When lifelong Kenosha resident Isaac Wallner decided to organize a peaceful protest, he wasn’t certain how much interest there would be.
As it turns out, there was plenty.
A crowd that approached about 200 people strong arrived with a message of peace Saturday afternoon in Civic Center Park in another protest to the death of George Floyd in police custody May 25 in Minneapolis.
“I wanted to be a part of a change and not just sit there and say I wish things were different,” Wallner said before the event began. “I wanted to actually get out there, make a difference and set something up where people would have a voice.
“... We’re all fed up, and we all want to voice that. We need to gather together and unify for a common change. It’s powerful (to know) that we can congregate peacefully.”
Kenosha resident Mary Kueppers was among those in the crowd who threw her full support behind the cause.
“It’s been going on for way too long, too many decades, too many injustices,” she said. “It just needs to change, and I really hope this movement the last couple weeks pushes it in the right direction.”
Time to set aside violence
Wallner, 30, added that without a peaceful demonstration, nothing else would matter.
The time has come to set aside violence and figure out a way to move forward for all races, he said.
“The common person who is out here protesting isn’t out there rioting,” he said. “Those people are out there for themselves. We’re not out there for ourselves. We’re out for a common cause that’s bigger than ourselves.
“(Staying peaceful) is paramount. I can’t even put into words how important it is. Without that, our message gets lost. Without the peaceful message, there is no message.”
And Wallner’s hope turned out to be fact, as the event went off without a hitch under the sunny skies Saturday without any visible police presence.
As the week went along, he said he was proud of his community for putting out its message mostly without too many major incidents.
“It has gotten a lot better,” he said. “There is no excuse for the violence because you’re hurting your own community. That doesn’t help you. I know some of the businesses here (were damaged), and they were minority business owners, so you’re attacking the people you’re trying to help. It doesn’t make sense. It doesn’t add up.”
Met with local officials
Prior to Saturday’s event, Wallner said he had the chance to meet with local officials and exchange a positive dialogue for the future.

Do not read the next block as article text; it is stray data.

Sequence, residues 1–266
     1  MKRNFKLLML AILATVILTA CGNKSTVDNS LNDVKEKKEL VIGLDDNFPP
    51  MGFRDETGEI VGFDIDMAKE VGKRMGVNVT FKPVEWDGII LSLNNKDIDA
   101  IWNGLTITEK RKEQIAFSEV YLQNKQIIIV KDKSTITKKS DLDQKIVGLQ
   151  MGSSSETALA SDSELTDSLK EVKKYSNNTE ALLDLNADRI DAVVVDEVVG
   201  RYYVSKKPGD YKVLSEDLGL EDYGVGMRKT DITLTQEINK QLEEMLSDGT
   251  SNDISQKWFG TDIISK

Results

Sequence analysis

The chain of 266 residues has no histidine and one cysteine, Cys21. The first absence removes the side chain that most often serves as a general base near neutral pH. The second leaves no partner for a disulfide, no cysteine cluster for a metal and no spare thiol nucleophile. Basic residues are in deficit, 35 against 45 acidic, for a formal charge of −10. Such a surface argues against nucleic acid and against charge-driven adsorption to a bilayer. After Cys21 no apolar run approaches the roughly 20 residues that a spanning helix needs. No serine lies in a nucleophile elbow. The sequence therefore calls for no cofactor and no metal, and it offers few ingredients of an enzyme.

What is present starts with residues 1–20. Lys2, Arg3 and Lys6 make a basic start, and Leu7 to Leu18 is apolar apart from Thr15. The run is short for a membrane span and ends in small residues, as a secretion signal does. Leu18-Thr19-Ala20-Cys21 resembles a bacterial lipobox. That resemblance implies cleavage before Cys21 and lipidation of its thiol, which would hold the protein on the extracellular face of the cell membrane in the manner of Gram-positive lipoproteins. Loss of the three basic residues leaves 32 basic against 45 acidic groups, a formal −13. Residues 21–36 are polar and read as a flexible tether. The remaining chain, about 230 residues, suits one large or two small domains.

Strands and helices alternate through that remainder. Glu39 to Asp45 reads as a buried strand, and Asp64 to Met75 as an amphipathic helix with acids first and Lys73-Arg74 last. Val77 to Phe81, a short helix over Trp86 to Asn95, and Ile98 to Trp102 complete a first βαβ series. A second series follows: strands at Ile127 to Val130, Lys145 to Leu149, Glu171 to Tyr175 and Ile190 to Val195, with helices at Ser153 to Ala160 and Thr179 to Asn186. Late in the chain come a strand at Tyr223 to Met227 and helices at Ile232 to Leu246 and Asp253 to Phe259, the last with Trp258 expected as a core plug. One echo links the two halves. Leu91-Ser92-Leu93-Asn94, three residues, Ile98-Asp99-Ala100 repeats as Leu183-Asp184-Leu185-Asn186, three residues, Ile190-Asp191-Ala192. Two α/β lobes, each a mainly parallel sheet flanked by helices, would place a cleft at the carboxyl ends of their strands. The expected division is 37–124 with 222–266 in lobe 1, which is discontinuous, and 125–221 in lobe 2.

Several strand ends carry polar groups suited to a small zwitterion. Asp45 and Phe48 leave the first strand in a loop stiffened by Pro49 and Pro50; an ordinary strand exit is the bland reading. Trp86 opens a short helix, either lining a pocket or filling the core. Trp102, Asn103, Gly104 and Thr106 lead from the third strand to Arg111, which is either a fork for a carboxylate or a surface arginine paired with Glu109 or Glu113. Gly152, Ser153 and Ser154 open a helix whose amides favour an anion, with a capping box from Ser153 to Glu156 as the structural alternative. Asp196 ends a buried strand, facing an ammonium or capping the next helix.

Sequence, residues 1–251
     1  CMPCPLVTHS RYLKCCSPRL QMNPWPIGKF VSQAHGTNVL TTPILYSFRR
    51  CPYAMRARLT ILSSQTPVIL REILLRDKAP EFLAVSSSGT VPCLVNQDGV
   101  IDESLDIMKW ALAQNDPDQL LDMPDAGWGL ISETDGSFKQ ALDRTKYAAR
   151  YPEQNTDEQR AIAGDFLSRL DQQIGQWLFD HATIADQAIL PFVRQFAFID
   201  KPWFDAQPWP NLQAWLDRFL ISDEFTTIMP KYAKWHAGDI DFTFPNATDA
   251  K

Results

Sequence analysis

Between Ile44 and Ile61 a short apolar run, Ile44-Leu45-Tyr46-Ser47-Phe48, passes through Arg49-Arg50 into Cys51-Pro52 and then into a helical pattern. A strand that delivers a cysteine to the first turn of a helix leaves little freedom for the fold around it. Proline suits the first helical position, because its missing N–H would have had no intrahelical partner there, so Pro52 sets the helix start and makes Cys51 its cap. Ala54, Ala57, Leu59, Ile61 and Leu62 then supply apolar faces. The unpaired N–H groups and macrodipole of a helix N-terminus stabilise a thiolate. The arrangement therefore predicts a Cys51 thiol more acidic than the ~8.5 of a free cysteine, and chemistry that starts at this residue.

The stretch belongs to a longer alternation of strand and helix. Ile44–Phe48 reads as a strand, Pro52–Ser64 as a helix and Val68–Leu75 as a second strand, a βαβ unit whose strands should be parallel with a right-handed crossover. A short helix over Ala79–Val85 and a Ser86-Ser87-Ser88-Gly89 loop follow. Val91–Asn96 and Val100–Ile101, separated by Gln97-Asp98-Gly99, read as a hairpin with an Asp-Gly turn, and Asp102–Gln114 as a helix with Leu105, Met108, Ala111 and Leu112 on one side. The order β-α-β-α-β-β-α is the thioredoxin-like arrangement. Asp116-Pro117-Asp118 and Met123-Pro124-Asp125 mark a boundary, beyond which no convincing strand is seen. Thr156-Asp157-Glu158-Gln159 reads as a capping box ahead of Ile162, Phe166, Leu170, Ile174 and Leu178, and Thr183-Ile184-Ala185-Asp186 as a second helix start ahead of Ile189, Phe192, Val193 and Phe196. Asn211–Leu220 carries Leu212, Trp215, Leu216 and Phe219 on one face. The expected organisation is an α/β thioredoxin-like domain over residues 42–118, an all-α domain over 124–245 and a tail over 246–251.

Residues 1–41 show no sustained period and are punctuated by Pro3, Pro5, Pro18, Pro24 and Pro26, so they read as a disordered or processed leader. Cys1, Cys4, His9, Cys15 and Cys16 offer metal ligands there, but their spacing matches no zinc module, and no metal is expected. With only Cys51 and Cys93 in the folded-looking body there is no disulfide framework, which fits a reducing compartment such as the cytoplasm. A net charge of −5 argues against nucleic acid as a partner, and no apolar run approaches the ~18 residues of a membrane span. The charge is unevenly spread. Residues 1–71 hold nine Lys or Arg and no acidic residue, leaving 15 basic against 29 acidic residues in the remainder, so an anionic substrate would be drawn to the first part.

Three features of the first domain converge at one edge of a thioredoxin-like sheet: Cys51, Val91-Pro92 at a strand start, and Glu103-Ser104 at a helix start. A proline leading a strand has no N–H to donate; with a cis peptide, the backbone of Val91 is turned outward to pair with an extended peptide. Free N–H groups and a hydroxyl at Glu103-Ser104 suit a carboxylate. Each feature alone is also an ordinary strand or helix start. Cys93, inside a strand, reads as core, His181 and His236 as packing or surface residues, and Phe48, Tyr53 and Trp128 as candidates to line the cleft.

There’s no doubt there’s still work to be done, but he feels confident positive steps are in place to eventually get there.
“(The movement) is getting traction around the world,” Wallner said. “Other countries are standing with us, so this time around, we’re noticed. It’s big, it’s huge. You have people from all different races and all different countries saying, ‘We’re fed up. We’re done. This is enough.’
“We have a long way to go. That goes for us, all the way up to the politicians. There’s a lot of change that needs to happen for us to get there. ... I encourage people to talk to people, to talk to the police. They’re here to help. Every profession has bad apples, of course, but the majority of them, they’re not here to cause a problem.”
‘All lives matter’
At the start of the event, Wallner, who is African-American, touched on the “black lives matter” mantra that has been used throughout the nation since Floyd’s death.
Using that phrase doesn’t in any way diminish everyone else, he said.
“To say ‘Black Lives Matter’ is not to say all lives don’t matter,” Wallner said. “... To say ‘Black Lives Matter’ means we need to start to matter. All lives matter. The term ‘all’ is a term of full inclusion, and if black lives don’t matter, all lives simply cannot matter.”
Wallner also shared with the crowd his hope for the future.
“We have a race problem, but we also have a hate problem,” he said. “The hate needs to stop, period.”
Four local pastors followed Wallner to the microphone: Jonathan Barker of Grace Lutheran Church in Kenosha; Kara Baylor, who has served in the Racine/Kenosha area the past 20 years; Kevin Beebe of Spirit Alive Church in Kenosha; and his wife, Kelsey, who serves in both Racine and Kenosha.
The time has come, Barker said, to put more resources toward helping everyone and less into police department budgets — a statement that drew a healthy round of applause.
“I want us to imagine a world where, rather than upping police budgets year after year after year, we start upping the budgets for education and health, for housing and for healing,” he said.
Barker called on the crowd to imagine a world when all races can not only come together, but be treated as equals.
And he closed his remarks with a challenge locally.
“We have a task here in Kenosha,” he said. “We know we have everybody’s attention. We have the mayor’s attention. We have the attention of the police chief. We have the attention of our fellow citizens. We have to devote ourselves now to the hard work to imagining the world we want for Kenosha, imagining the changes we want to see.
“We need the power of imagination to give us the power to march, to advocate, to hold signs, not just this weekend, not just in the aftermath of George Floyd’s killing. We need the imagination and the power to keep going forward and to make sure this world, where black, brown indigenous people are no longer killed by the police, are no longer harassed by the police and budgets get used to lift up our communities rather than oppress our communities.”
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